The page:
But, adding to the (very minor) team-tensions, lost bags, and on site frustrations, I picked up  an annoying cold on the return flight that is exacerbating my jetlag.  I know I am whining here, but isn't that what blogs are for?  My heart is not into basketball or preaching or reading or studying.  I want to lay down and sleep.  But when I try, all the Ethiopian coffee I have consumed keeps me awake.  I feel I am walking in an emotionless fog.

There is emotion though and much of it relates to those kids (about 80% of whom are Muslim, probably 75% undernourished, and 100% below any poverty line we might draw).  Will the sticky issues at the care point be resolved?  Can we actually take a team from here and not have unresolved issues clouding our purposes next year?  Are we doing any good?  With these questions on the mind, it is very hard to care about basketball.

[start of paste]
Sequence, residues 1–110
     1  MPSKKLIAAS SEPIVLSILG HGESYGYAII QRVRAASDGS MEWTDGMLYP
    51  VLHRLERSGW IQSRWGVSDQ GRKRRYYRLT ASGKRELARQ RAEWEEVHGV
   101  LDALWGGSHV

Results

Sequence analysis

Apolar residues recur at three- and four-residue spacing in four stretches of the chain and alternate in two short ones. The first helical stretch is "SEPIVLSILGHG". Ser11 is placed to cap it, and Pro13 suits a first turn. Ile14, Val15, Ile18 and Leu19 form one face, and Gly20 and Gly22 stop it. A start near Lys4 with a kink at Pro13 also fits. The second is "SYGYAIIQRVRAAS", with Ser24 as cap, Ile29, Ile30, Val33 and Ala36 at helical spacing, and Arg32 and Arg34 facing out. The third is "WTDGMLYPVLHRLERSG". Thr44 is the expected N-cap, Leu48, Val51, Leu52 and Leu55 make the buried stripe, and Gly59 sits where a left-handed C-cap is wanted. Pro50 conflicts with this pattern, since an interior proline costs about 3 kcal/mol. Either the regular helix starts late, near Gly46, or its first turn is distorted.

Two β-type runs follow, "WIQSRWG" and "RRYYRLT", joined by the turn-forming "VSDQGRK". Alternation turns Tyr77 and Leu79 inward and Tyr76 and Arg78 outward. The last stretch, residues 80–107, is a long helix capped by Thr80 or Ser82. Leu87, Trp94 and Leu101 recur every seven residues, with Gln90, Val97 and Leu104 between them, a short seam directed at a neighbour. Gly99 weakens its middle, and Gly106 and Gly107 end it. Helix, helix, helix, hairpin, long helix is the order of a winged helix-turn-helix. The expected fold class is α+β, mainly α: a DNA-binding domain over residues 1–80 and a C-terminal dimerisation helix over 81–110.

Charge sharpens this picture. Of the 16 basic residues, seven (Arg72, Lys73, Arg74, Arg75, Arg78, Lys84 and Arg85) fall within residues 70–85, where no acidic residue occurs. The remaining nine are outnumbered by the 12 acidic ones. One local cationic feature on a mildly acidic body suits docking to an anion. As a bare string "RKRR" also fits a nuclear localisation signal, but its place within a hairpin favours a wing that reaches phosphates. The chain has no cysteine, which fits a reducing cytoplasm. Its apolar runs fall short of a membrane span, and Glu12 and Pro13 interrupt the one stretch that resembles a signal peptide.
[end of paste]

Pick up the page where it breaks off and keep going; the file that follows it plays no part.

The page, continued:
And did I mention preaching?  Yes, next week is Holy Week.  As a Christ-follower, I am acutely aware of the importance of the crucifixion and resurrection.  My attentions to this is heightened as I ponder how the resurrection informs evangelism and apologetics.  When I think of Jesus on the cross and then the empty tomb, and I think of what that means for the world, and I think of intelligently, persuasively making the case for Jesus in conversation with Muslims and with atheists, it becomes hard to care about basketball.

Don't misread any of this.  I love basketball.  I love, love, love the NCAA tournament.  If Michigan wins the whole thing, I will enjoy that.  But then again, this year, I might sleep through the whole thing.  Or, I might be wide awake but with my attention elsewhere.  I just have weightier matters on my mind and I don't think basketball merits that much of me right now.